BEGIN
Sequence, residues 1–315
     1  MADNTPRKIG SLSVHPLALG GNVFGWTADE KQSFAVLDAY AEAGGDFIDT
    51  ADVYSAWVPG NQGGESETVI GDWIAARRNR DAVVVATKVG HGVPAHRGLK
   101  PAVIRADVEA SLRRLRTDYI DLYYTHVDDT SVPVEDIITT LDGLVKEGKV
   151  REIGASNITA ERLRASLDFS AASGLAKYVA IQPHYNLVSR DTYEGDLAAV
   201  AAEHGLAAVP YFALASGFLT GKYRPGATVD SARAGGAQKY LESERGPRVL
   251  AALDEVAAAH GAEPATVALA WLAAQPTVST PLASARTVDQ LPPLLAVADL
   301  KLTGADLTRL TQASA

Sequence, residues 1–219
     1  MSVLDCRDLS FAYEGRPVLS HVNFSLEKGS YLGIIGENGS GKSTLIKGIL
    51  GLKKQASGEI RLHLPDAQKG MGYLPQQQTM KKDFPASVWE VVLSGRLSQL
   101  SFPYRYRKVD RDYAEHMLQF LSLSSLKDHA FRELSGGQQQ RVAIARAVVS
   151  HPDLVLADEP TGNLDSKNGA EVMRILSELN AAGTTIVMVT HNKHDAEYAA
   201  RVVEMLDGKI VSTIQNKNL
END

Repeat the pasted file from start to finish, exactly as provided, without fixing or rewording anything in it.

Sequence, residues 1–315
     1  MADNTPRKIG SLSVHPLALG GNVFGWTADE KQSFAVLDAY AEAGGDFIDT
    51  ADVYSAWVPG NQGGESETVI GDWIAARRNR DAVVVATKVG HGVPAHRGLK
   101  PAVIRADVEA SLRRLRTDYI DLYYTHVDDT SVPVEDIITT LDGLVKEGKV
   151  REIGASNITA ERLRASLDFS AASGLAKYVA IQPHYNLVSR DTYEGDLAAV
   201  AAEHGLAAVP YFALASGFLT GKYRPGATVD SARAGGAQKY LESERGPRVL
   251  AALDEVAAAH GAEPATVALA WLAAQPTVST PLASARTVDQ LPPLLAVADL
   301  KLTGADLTRL TQASA

Sequence, residues 1–219
     1  MSVLDCRDLS FAYEGRPVLS HVNFSLEKGS YLGIIGENGS GKSTLIKGIL
    51  GLKKQASGEI RLHLPDAQKG MGYLPQQQTM KKDFPASVWE VVLSGRLSQL
   101  SFPYRYRKVD RDYAEHMLQF LSLSSLKDHA FRELSGGQQQ RVAIARAVVS
   151  HPDLVLADEP TGNLDSKNGA EVMRILSELN AAGTTIVMVT HNKHDAEYAA
   201  RVVEMLDGKI VSTIQNKNL